Wednesday, January 20, 2010

Obadiah 1:1-4

Edom Will Be Humbled
1The vision of Obadiah.
Thus says the Lord GOD concerning Edom--

We have heard a report from the LORD,

And an envoy has been sent among the nations saying,

"Arise and let us go against her for battle"--
2"Behold, I will make you small among the nations; You are greatly despised.
3"The arrogance of your heart has deceived you,
You who live in the clefts of the rock,
In the loftiness of your dwelling place,
Who say in your heart,
'Who will bring me down to earth?'
"Though you build high like the eagle, Though you set your nest among the stars,
From there I will bring you down," declares the LORD.

The section summary says, "Edom will be humbled," so you already know, if you have done any reading or heard any Scripture, that what follows is not going to be pretty. [
Interesting to note that Jeremiah 49: 14-17 echoes these very passages of Obadiah.]

Obadiah has received a vision from God, and he emphasizes the source of his speech through his use of "Thus says the Lord God...."

An envoy, or messenger, brings news to the nations that they should rise up against Edom. Why? Did other nations have something against Edom? Sure, every nation has enemies. But to go to battle...right now? Truly, God was the one who had something against Edom, and He was the one with the sovereign power to control the situation (i.e., convicting Edom's enemies that "now is the time").

God turns His focus directly to Edom in verse 2: "I will make you small among the nations...." Small. The King James Version says "small among the heathen," which refers to Gentile nations. God said He despised Edom. The roots for the English word despise come from roots that mean "to look down upon" and to look upon as a "spectacle." As we continue to read through this short book (and the words from the other prophets) and discover what happened to Edom, we will see clearly that God chose His words with great intent.

Verse 3 brings us, literally, to the heart of the matter--"Arrogance of the heart." Pride. Edom had built up its own sense of security. It was located in a very high and rocky place. Rock climbers with gear might reach the city of Petra (which means rock), but Edom was otherwise its own impenetrable fortress. It took the luxury of its physical position for granted and its blossoming self-reliance led it to sacrifice any reliance upon God in the process.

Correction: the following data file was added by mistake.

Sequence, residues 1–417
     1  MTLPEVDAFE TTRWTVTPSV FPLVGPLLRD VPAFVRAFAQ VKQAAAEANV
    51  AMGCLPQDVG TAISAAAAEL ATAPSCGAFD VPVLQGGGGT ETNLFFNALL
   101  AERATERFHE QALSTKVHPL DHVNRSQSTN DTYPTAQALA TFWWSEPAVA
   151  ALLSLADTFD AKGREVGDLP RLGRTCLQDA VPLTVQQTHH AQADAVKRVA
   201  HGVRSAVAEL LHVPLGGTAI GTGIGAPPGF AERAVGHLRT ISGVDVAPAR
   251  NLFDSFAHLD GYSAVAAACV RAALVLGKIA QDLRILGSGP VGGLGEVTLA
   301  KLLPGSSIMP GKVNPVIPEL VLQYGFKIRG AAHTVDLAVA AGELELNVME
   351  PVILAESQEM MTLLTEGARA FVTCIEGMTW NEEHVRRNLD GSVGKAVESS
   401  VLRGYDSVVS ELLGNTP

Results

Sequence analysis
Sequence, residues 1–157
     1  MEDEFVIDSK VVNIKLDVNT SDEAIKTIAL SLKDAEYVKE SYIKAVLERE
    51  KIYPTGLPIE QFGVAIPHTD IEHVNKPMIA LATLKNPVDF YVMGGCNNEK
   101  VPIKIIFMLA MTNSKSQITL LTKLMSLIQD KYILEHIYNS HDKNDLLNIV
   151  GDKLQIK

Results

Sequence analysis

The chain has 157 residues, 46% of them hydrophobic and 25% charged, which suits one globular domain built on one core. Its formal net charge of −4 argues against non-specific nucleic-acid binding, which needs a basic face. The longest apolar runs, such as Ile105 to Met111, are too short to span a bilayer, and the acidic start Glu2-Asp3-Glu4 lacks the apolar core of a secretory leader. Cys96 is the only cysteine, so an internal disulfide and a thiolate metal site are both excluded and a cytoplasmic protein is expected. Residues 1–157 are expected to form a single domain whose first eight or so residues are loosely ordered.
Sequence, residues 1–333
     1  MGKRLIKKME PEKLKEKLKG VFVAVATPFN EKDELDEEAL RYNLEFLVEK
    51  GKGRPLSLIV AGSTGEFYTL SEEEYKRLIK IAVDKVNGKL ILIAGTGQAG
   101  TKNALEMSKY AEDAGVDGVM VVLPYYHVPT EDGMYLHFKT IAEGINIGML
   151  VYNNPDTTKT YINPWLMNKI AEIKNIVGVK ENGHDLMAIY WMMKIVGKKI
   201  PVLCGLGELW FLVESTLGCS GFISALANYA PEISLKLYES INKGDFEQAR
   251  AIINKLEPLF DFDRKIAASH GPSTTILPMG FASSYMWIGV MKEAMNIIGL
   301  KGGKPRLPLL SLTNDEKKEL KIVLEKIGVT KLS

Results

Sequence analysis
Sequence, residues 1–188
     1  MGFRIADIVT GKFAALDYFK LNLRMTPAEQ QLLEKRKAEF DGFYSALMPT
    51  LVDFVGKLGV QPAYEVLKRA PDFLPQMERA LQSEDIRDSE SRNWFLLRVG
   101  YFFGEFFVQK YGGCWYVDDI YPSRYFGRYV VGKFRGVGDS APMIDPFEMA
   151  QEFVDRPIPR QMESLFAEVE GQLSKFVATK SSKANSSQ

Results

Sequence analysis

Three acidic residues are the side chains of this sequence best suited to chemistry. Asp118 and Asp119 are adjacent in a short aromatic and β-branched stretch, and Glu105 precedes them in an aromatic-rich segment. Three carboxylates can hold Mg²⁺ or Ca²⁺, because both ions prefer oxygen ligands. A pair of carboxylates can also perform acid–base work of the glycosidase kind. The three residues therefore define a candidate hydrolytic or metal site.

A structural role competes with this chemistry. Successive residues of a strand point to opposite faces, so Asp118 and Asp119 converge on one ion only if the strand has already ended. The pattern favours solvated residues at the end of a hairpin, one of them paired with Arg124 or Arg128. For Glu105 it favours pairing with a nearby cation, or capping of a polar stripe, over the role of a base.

Pride is not one of those things God takes lightly. Note Proverbs 16:18--"
Pride goes before destruction, a haughty spirit before a fall." Edom was one of the worst offenders. The people who proclaimed, "Who will bring me down?", not expecting an answer.

But God answered, through Obadiah, that He looked down upon Edom--literally, figuratively and in every other way! The bird of prey with its aerie in the starry skies--no match for the God who created them and everything else.

As we read on, God unveils His plans for the destruction of Edom.
'Til next Wednesday!

A mighty fortress is our God,
a bulwark never failing....
Did we in our own strength confide,
Our striving would be losing....
Lord Sabaoth, his name,
From age to age the same,
and He must win the battle.

--from "A Mighty Fortress is Our God," Martin Luther


* * *

Note: I read from the New American Standard Bible translation,
specifically, The MacArthur Study Bible (NASB).
I will quote other sources if used in a post.

I also use Strong's Exhaustive Concordance of the Bible
(with notes from the King James Version).


Edie said...

I think of our own nation as I read this. We have become so self reliant and haughty and even many Christians don't realize it or the severity of it.

I'm so glad you're only posting these once a week. Maybe I can keep up. :)

The Patterson 5 said...

I was thinking like Edie- Our nation has become prideful in our own resourses- forgetting to whom we recieved these blessings. Self reliant beings we are not. We were made to rely on God for everything and to worship and give thanks for our blessings.

Sue J. said...

I think it's important to mention that though the text makes us think about other circumstances of other places that this prophecy was clearly for Edom. This story does have an ending!

The troublesome thing about prophecy is that some folks extrapolate the Word out too far. (Not saying you're doing that, Edie, I'm just clarifying for folks in general.) Some events listed within the prophets have already occurred. Some won't occur until the time Christ returns.

Can we glean some understanding about who God is and what His principles are from reading prophecy? Oh yeah! But we need to be careful about the facts, as some of this is definitely history.

(And, Edie, yes, I think once a week through prophecy makes a lot of sense--for me, too!!)

Edie said...

I agree with you Sue J. We can learn about God's character, His heart for His people, and how He wants our obedience through the prophecies, for those things apply to all. The exact details of the prophecy pertain only to the specific person, place, or thing it was intended.

B His Girl said...

"The arrogance of your heart has deceived you,

That is so powerful to me. b

Carmen said...

Pride is such an ugly thing. Such an affront! They asked the question expecting no answer--as if they didn't need God. Arrogant is right!